Jan 3, 1868: Trouble at the waterworks

January 3, 2011 § Leave a comment

Twenty-one years before Joe’s Christmas story post  took place, in which Mulholland frantically worked for four days to protect the water system, the floods of 1867-68 indeed took apart a key component of LA’s water supply system. Old timers describe the rainfall leading up to the event in consistent terms with the LA County Hydrology Manual’s Capital Storm. And while our recent Pineapple Express fits the pattern, it did not provide the required rainfall intensity to fully test our drainage system, or even come close to this historical flood event.

Back in 1867, a small dam diverted flows out of the LA River for feeding the zanja system. This dam was called La Toma. W.H. Lander describes it for us in a 1914 interview (all historical material from James Reagan’s Early Floods in Los Angeles County, 1914):

“Right where the S.P. freight station sets used to be a slough and he has caught fish and turtles there but he thinks that water used to be caused by the ditch from the Old La Toma which was a lake, they had a dam across the river about where the Buena Vista St., bridge was and formed quite a lake to get the water into the ditches, and used to go swimming there when he was a boy. (W.H. Lander, interviewed by R.A. Borthick)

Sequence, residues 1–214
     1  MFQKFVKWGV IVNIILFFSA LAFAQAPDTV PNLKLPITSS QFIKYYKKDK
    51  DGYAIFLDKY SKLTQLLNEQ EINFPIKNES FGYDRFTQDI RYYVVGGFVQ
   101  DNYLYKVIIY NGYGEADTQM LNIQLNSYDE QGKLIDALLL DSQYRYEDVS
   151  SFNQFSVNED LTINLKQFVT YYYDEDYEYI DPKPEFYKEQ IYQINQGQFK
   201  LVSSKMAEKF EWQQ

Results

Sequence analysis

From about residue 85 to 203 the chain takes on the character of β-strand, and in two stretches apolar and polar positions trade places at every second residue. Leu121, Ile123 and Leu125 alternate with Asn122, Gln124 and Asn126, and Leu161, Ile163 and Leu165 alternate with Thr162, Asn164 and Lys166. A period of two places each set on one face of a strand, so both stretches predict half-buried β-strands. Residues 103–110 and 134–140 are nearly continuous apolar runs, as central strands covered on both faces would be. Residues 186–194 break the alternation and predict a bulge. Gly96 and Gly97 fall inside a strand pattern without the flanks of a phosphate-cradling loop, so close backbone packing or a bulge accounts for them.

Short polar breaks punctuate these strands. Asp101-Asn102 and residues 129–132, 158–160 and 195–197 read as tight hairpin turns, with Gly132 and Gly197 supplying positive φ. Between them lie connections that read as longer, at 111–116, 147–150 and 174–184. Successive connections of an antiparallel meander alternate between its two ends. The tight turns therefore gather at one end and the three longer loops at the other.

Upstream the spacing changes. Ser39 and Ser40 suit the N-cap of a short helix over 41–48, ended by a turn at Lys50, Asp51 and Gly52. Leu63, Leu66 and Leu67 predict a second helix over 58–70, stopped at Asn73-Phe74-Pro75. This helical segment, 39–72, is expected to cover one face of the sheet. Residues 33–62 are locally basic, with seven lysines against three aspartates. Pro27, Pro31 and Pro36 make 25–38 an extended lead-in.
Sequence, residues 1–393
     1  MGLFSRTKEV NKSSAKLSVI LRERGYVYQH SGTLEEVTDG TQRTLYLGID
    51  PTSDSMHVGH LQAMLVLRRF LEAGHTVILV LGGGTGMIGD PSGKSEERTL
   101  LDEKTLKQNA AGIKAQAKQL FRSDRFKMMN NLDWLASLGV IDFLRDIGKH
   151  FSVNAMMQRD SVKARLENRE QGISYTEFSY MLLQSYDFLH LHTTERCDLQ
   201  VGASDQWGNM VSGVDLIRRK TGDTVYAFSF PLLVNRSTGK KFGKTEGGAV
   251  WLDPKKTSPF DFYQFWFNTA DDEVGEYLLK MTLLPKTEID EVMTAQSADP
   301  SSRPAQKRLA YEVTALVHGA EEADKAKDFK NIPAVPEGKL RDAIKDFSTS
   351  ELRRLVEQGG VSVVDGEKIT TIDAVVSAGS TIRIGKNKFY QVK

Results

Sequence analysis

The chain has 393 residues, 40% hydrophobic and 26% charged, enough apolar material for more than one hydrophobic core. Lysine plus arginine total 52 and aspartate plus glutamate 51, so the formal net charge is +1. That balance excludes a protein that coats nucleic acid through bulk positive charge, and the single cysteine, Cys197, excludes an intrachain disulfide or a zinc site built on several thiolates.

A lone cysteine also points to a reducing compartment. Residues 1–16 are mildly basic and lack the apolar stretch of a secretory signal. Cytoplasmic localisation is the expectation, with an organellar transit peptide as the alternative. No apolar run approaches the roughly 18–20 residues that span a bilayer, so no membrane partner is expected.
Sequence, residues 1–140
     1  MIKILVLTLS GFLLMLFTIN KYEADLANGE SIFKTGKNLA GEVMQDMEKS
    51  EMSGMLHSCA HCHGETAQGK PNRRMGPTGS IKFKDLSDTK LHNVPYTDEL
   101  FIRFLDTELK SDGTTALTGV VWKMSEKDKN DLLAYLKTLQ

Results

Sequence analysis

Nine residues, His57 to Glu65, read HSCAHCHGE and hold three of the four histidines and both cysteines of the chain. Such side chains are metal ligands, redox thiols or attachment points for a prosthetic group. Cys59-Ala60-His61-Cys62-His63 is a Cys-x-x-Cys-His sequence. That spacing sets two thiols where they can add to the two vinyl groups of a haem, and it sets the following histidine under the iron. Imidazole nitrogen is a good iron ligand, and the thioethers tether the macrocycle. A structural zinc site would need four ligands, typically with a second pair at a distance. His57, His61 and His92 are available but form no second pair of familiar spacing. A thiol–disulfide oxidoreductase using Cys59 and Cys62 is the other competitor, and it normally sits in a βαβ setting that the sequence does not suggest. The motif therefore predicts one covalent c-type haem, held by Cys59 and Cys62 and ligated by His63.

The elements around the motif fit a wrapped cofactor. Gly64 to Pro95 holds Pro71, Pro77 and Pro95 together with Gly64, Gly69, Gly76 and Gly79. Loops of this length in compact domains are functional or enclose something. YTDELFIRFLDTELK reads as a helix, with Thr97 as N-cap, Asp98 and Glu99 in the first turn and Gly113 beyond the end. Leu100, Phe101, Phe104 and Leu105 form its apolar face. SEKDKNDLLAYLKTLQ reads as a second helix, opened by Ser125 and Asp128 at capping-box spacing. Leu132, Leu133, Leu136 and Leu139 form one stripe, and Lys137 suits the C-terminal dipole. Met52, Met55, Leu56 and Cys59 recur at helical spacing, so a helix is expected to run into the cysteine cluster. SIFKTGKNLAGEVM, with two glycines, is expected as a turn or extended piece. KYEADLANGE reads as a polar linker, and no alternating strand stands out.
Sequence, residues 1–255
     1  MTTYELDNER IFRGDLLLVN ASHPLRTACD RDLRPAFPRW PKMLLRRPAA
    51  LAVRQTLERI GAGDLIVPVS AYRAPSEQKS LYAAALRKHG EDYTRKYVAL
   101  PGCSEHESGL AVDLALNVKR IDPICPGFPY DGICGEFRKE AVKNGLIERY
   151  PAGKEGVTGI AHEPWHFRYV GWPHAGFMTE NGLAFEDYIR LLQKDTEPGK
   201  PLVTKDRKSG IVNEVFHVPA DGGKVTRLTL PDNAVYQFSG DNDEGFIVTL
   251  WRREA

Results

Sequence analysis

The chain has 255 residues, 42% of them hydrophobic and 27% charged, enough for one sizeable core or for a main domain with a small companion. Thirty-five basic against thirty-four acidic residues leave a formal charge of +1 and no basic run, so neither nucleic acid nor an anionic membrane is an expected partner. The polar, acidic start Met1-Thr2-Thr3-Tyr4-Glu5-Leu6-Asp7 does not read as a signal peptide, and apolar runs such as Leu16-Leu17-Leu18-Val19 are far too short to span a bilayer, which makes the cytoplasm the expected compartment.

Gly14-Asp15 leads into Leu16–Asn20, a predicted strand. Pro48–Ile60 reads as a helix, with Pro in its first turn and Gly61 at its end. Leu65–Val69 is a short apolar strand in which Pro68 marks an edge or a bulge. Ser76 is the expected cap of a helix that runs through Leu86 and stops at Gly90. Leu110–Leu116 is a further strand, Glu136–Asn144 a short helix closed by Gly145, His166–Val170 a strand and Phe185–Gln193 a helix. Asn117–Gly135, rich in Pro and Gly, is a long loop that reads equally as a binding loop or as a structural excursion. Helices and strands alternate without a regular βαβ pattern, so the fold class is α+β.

The rains resulted in loss of the dam:

Los Angeles News, January 3, 1868

Loss of City Dam

This dam which furnished the city with water, and had been repaired at an expense of some three thousand dollars, was entirely swept away, and until it is repaired, will necessitate the renewal of the water cart system, which a few years ago was our only source of supply.

Mighty restrained reporting by today’s standards!

Professor J.M. Guinn, also interviewed in the Reagan document, gives us a more detailed description of La Toma, and how its demise created a spectacle:

“Nothing seemed to be safe from the ravages of the high waters. The old city water works, which was located just above the new concrete bridge on Downey Avenue, was swept away. In those days expedients were resorted to that would seem strange now. During the dry weather it was necessary to sink a pit or sump in to the sand to get a sufficient supply of water. This was accomplished by driving piles down and forming a crib by putting planks against the piles. In the rainy season these planks were taken out to give the water freer passage.

In this flood, however, the water began working the piles loose by the rocking motion, and after they were loosened enough the quicksand and the water would shoot the piles out of the bed of the river as though they came from a catapult.

Holy flying piles of…piles!

Next up: detritus in the floods of 1867-68 on the San Gabriel River.

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